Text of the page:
Dr. Richard Mabry is a retired physician, now writing “medical mystery with heart.” His novels have garnered critical
acclaim and been finalists for ACFW’s Carol Award, both the Romantic Times’ Inspirational Book of the Year and Reviewer’s Choice Awards, the Inspirational Readers’ Choice, and the Selah Award. He is a member of the American Christian Fiction Writers, the International Thriller Writers, and Novelists Inc. Emergency Case is his latest novella.
He and his wife live in north Texas, where he writes, works on being the world’s greatest grandfather, and strives to improve his golf game. You can learn more about him at his website, and via his blog and Facebook page.
1. What’s the most important thing you want readers to take away from your books?
Every book I write has the same basic message—God doesn’t protect us from bad things, but He does promise that we’ll able to get past those with His help. And—taken from my own life—sometimes we come out of our trials stronger and in a better place. But whether the outcome is good or bad, our faith will bear us up.
2. If you could go back in time and start your career over again, is there anything you would do differently? If yes, why? If no, why not?
That’s hard to answer, mainly because I’ve had two very different careers. The first was medicine, and although there were some tough times, I wouldn’t change a thing. There were rewards that more than made up for the difficulties. Then, just as my wife and I were ready to retire, just as I was cleaning up my golf clubs for a time of leisure, she had a terminal stroke. God used that experience, the worst one of my life, to deepen my understanding of Him. He gave me once more the love of a wonderful woman and called me—often unwillingly—into a new career of writing. Doing that, I’ve been able to share my experiences with a different audience. So, no, I don’t think I’d change a thing. God had it all planned out, and I’ve discovered that His way is best, even when it doesn’t appear that way to us at first.
3. What author/authors have had the most influence over your writing?
As I plunged into the craft, I benefited from the instruction of a number of Christian writers—Jim Bell, Karen Ball, Gayle Roper, Randy Ingermanson, and so many more. I have read (and continue to read) the works of Brandilyn Collins, Ronnie Kendig, Alton Gansky, and too many others to recount. But I’ve also gained from reading (and imitating) the work of “secular” writers such as the late Robert B. Parker, who taught me how to write in simple declarative sentences, and the late Donald Westlake, who introduced me to the technique of “push fiction,” letting characters lead where the story takes them. I’m certain I’ve skipped over some, but the answer is that I’ve learned from every writer I’ve ever encountered.
4. Tell us three things about yourself that would surprise your readers.
I have a background in music, from singing with the Dallas Symphony Chorus once to serving as a music director several times, to singing a role in the Cross-Winds Follies presentation of Guys and Dolls in the Azores.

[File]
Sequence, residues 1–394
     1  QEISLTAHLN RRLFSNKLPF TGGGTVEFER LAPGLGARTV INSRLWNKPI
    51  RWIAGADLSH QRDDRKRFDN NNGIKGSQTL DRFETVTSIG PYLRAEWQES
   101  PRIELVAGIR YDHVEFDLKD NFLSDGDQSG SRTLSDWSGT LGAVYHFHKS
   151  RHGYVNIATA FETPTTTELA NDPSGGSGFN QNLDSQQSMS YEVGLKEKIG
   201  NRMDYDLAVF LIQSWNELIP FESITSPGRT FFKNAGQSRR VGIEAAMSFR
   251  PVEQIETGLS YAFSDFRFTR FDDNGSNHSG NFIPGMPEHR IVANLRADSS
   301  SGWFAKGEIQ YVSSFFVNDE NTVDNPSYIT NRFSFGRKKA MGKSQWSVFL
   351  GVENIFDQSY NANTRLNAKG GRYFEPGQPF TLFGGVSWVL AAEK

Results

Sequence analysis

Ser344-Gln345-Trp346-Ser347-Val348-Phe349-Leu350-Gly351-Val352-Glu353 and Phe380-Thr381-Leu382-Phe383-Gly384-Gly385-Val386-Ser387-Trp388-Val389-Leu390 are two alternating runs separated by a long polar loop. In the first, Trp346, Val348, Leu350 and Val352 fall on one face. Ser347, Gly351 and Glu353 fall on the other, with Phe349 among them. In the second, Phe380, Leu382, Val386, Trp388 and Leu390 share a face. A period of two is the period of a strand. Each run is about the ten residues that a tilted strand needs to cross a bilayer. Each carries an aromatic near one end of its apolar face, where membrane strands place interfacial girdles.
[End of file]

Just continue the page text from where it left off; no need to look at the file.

I’ve played and coached baseball much of my life and was fortunate enough to be in the first base coach’s box when Mickey Mantle hit his last home run. (Even though it was a grooved fast ball, it was great to see). I’ve had the opportunity to play with and against some of the greats in the game.
And while on vacation in Hawaii, I was fortunate enough to play beach volley ball with the (at that time) world champion Pittsburgh Steelers. When the game was over, Franco Harris turned to me and said, “Thank you for playing with us, sir.” That “sir” convinced me that I was in over my head, even in beach volley ball.
5. What are you working on now?
I was wondering what a person would do if they received a mysterious package containing a cell phone, one that rang with a message for them. Of course, since I write medical thrillers, I had to make this happen to a doctor. And what if her husband was kidnapped and was being held hostage to assure her carrying out the commands the mysterious voices made? Then, what if that was to give a medication to a past Vice-President of the US, medication that would cause his death? And that’s the premise of my next novel, Doctor’s Decision, which I plan to indie-publish in the fall of next year.
6. Anything else you’d like to share?
Thanks for letting me come back for an encore visit. My time with the Suspense Sisters was great, and I’m sorry that time pressures associated with a change to indie-publishing necessitated my dropping out. To the readers out there, I hope you enjoy the Christian fiction this site introduces to you. To the writers in our audience, I’ll reinforce the advice we’ve all received—keep on writing.
KILLER OR TARGET?
The relationship between Dr. Kelly Irving and her husband, attorney Jack Harbaugh, has cooled recently, but she figures they’ll muddle through and repair it.
But when she backs down her driveway, her car hits a bump that turns out to be the partially snow-covered body of a man her husband recently represented. Not only that, the gun that killed him belongs to Jack, who seems to be the primary suspect.
As events escalate, Kelly can’t decide if her husband is a murderer or the next victim. Eventually, they put their marital differences aside and find the person masterminding the syndicate behind all this, while trying to keep Jack alive.
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